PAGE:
Home On The Range #009: Simple Steps for Wildlife Habitat Rehab
Welcome to our recurring series of “Home on the Range.” Here, we would like to share all of our experiences for those who may be homesteading, living off the land, hunting, farming, ranching, and truly investing in nature and the great outdoors. The ability to provide for yourself and your family can be tremendously rewarding and simultaneously difficult at times. So, in “Home on the Range” we want to share our different exploits so you can learn and hopefully we can receive your feedback along the way as well.
If You Have the Space, it’s Well Worth your Time
One of the main benefits to living in the great outdoors is being able to observe (and occasionally harvest) wildlife in all its glory. There are certainly steps one can do to increase the variety and frequency of wildlife, and enjoy one’s land all the more. Prior to starting up my current ag operation, I was heavily involved in rehabilitation of wildlife habitat in a riparian corridor for a number of years. While the labor involved to restore old overgrazed and neglected ranchland to a better place for the local wildlife was intense, the steps themselves were simple. Please note that while the techniques discussed herein apply primarily to a high desert river corridor environment, the overall concept can still work in many areas.
When I first took on the project, I was looking at roughly 80 acres of cacti and desiccated sagebrush on the higher elevation areas, while the lowlands were a wreck of non-native weeds and hoof pans left by open range cattle which had broken through the rotten wooden fencing around the area. Used as a ranch until the 1980s and then as rec land, the flood irrigation ditches fed by a mountain creek flowing down to a main river which flowed through the property were a total wreck.
Small Shelters Beget Big Shelters
The neglected flood irrigation systems were the key element to being able to create windbreaks so that I could plant saplings without them getting blown away by winds which ripped down the river corridor. The first and cheapest shelter plant available to me was willows. Already established along the river, the cuttings were available to me for only the price of our labor. In the spring, the new willow shoots can be cut and replanted where you need them. Using the flood irrigation ditches as a framework, we planted willow cuttings along both sides, far back enough so that the roots would not grow into the ditch, but close enough so the willows got the benefit of the irrigation. This improvement provided immediate new habitat for local birds, as well as cover and forage for ungulates in less than one growing season.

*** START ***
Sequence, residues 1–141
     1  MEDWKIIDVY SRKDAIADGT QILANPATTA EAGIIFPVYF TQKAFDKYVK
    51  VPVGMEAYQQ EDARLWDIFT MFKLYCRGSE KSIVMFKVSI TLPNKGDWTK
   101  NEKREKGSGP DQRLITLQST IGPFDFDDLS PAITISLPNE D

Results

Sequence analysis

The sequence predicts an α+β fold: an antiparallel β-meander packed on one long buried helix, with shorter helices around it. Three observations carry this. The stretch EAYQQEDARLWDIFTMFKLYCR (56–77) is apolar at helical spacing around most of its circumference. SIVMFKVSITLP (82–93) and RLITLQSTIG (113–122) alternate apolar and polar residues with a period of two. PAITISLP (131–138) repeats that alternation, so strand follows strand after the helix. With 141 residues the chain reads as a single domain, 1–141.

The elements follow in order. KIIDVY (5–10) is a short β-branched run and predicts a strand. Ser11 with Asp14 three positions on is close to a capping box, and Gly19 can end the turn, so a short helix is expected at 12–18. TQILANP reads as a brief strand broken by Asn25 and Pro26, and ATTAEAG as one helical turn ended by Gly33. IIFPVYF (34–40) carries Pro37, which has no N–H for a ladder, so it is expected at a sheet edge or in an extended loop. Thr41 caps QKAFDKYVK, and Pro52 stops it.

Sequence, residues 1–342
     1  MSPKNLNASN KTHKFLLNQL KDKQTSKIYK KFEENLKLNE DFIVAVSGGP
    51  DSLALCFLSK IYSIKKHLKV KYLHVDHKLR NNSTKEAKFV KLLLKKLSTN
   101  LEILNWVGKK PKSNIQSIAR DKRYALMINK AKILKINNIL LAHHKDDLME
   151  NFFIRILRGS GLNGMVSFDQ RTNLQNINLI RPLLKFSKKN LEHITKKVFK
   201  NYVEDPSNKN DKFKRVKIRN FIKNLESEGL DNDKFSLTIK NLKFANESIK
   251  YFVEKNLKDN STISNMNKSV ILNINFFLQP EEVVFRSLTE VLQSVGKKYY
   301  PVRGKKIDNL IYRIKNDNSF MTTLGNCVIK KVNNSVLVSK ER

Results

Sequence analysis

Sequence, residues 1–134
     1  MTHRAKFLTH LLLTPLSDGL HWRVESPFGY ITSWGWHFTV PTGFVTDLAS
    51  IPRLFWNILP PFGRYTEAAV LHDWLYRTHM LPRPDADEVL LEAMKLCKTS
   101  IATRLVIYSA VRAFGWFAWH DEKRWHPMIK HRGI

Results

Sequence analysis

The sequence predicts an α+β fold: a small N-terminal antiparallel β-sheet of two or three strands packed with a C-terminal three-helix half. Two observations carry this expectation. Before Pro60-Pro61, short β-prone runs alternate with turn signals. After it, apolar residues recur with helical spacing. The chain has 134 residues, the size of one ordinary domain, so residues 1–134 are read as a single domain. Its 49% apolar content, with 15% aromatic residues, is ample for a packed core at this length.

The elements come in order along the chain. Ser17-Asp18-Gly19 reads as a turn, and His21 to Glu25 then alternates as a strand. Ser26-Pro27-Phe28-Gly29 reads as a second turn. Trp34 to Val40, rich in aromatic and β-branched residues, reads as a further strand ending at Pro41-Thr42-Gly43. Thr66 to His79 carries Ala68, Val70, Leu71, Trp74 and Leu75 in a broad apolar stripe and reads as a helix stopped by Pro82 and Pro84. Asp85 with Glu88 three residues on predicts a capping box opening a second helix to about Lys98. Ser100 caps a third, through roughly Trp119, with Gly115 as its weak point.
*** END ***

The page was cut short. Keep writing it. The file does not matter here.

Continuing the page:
The windbreaks provided by this willow framework then allowed us to plant saplings in clusters, where we could fence them for a year or so and ensure they would not be totally stripped and eaten before they could establish themselves. The establishment fencing turned out to be a must, as I returned from hunting one day to find out some beavers had made off with 40 of these saplings that I hadn’t fenced yet, as well as having felled a bunch of larger already established trees. Once these were established, they were also used as cover and forage by ungulates and birds alike. I tried as much as I could to create roughly one acre “parks” bordered by these trees for the ungulates, and the whitetail especially seemed to take to them. Raptors would end up using these areas as stationary perches from which to hunt in the surrounding sagebrush scrub as well.
Keep out What you Don’t Want so you can Grow What you Do Want
The main reason that the land needed rehabbing was that there were so many open range cattle grazing in the river corridor for roughly half the year. These cattle were creating hoofpans and grazing most everything down to the nub. By fixing the old rotten wooden fencing, I was able to keep the cattle out, while still allowing deer, elk and moose over the fence, and pronghorn under the fence. This allowed me to then overseed as much as I could each year with a low-cost high altitude native rangeland perennial mix, primarily consisting of native grasses and rushes. Boosted a bit by flood irrigation, this mix also took root well in areas that were only irrigated by seasonal snowmelt and rain. This provided further improvement in forage, especially for the whitetail deer that stick mostly to the river in this area.
A Measure of Success
After only one year of rehab work, we began to see immediate results in bird activity and the variety of birds that would frequent the ranch. After about two years of rehab work, I began to see a noticeable increase in variety, frequency, and duration of large mammal activity. If you have the time to do so, I highly recommend looking into doing some wildlife habitat rehab on one’s land. It can increase one’s enjoyment of the great outdoors all the more!